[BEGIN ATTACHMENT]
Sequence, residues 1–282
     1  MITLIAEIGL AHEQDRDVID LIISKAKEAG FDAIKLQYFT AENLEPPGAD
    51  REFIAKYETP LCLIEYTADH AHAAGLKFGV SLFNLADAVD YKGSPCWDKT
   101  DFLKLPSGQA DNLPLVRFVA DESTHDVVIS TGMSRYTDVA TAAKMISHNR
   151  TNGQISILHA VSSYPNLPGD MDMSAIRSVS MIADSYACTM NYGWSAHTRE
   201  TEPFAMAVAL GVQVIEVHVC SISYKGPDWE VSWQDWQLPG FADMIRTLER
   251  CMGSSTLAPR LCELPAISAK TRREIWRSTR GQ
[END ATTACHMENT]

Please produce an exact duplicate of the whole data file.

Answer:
Sequence, residues 1–282
     1  MITLIAEIGL AHEQDRDVID LIISKAKEAG FDAIKLQYFT AENLEPPGAD
    51  REFIAKYETP LCLIEYTADH AHAAGLKFGV SLFNLADAVD YKGSPCWDKT
   101  DFLKLPSGQA DNLPLVRFVA DESTHDVVIS TGMSRYTDVA TAAKMISHNR
   151  TNGQISILHA VSSYPNLPGD MDMSAIRSVS MIADSYACTM NYGWSAHTRE
   201  TEPFAMAVAL GVQVIEVHVC SISYKGPDWE VSWQDWQLPG FADMIRTLER
   251  CMGSSTLAPR LCELPAISAK TRREIWRSTR GQ